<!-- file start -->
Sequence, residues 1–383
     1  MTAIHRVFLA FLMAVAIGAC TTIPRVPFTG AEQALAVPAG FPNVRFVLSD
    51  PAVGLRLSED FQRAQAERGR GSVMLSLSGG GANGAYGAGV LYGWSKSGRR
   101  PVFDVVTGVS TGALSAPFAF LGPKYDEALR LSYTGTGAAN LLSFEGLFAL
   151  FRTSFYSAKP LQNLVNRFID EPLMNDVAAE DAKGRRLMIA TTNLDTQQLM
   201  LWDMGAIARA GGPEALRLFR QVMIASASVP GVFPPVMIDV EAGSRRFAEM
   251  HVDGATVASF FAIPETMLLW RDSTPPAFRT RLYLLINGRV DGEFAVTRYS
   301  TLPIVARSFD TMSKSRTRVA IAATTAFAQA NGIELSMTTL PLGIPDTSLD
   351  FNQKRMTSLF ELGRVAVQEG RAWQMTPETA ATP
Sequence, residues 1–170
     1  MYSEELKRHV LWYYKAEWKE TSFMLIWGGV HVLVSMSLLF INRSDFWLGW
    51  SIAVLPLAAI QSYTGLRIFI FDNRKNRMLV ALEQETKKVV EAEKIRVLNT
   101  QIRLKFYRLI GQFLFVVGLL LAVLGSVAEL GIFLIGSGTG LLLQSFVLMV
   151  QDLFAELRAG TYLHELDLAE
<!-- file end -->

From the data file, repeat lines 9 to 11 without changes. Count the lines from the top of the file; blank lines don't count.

   351  FNQKRMTSLF ELGRVAVQEG RAWQMTPETA ATP
Sequence, residues 1–170
     1  MYSEELKRHV LWYYKAEWKE TSFMLIWGGV HVLVSMSLLF INRSDFWLGW